Beverly Harzog, credit card expert and author of “The Debt Escape Plan,” said another driver of the current trend is credit card issuers trying to make rewards programs more straightforward for middle-class users who don’t necessarily have time to sign up for and pursue a variety of rewards deals.
“Cash back cards are getting simpler and are breaking into categories that work for specific customers,” Harzog said.
This creates an intriguing landscape of credit card offers. Here are some of the best new middle-class offers identified by experts. And remember: It’s a good idea to know your credit score to have any idea of whether you’ll qualify before applying for a card. You can check two of your scores free, updated every 14 days, on Credit.com.
New Offers From American Express
Both cards now reward new members with 10% cash back on U.S. restaurant purchases made within the first six months of sign-up, up to $200. In addition, new card members receive a welcome bonus after spending $1,000 within their first three months. For the Blue Cash Preferred card, the bonus is $150 and for the Blue Cash Everyday card, it is $100.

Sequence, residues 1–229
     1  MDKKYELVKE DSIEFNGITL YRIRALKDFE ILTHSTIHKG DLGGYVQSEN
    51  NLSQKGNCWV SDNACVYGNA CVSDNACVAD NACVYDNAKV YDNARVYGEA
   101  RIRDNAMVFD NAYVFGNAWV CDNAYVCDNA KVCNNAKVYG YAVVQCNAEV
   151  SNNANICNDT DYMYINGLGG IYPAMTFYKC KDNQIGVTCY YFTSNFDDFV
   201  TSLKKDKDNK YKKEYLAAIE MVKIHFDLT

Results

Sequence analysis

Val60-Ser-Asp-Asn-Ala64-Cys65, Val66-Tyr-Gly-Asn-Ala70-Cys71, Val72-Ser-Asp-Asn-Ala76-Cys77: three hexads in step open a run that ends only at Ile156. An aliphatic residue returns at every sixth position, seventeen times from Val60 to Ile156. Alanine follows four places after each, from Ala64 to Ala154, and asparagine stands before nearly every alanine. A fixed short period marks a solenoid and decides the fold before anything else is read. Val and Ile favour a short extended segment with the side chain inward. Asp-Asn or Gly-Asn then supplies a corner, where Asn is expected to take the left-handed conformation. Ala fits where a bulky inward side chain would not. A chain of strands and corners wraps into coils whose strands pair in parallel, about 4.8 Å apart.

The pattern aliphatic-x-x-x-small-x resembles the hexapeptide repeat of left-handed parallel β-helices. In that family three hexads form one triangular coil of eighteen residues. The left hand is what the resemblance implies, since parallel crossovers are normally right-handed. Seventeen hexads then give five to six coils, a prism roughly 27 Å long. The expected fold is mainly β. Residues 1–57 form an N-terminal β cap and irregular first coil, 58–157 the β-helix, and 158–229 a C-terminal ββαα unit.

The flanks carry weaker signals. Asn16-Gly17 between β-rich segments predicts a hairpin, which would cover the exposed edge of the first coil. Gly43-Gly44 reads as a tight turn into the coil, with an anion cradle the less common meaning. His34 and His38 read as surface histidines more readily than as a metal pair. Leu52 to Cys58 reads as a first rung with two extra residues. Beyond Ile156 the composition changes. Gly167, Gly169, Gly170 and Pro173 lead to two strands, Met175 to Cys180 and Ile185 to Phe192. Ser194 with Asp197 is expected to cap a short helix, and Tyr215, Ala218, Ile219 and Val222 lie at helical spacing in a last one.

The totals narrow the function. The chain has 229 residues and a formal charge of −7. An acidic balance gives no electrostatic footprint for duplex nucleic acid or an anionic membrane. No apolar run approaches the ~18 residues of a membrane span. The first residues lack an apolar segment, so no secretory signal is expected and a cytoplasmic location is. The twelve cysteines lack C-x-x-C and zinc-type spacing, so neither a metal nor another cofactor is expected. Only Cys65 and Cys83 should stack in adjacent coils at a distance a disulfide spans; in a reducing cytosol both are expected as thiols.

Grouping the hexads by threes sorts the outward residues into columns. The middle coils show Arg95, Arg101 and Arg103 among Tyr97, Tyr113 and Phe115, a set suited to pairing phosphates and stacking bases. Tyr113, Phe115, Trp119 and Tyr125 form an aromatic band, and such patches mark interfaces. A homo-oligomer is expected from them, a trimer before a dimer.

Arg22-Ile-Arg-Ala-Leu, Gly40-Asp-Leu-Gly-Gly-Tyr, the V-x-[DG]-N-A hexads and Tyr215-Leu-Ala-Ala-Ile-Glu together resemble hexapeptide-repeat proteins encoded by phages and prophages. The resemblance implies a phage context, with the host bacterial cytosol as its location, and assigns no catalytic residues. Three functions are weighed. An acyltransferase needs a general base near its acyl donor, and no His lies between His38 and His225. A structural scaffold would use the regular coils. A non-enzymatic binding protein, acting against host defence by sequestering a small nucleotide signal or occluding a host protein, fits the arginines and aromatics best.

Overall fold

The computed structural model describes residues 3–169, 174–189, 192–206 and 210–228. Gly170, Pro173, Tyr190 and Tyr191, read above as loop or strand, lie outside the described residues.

USAA’s Limitless Cash Back Rewards Visa Signature
The USAA Limitless Cash Back Rewards Visa Signature earns 2.5% on all purchases. What’s more, there’s no cap on the cash back rewards.
As long as cardholders maintain a $1,000 monthly direct deposit in a USAA checking account, they continue to earn 2.5% cash back. If that deposit minimum is not met, the cash back reward drops to 1.5% on purchases.
The downside of this card is that it has not been officially launched yet. It’s being pilot-tested, USAA spokeswoman Gloria Manzano said.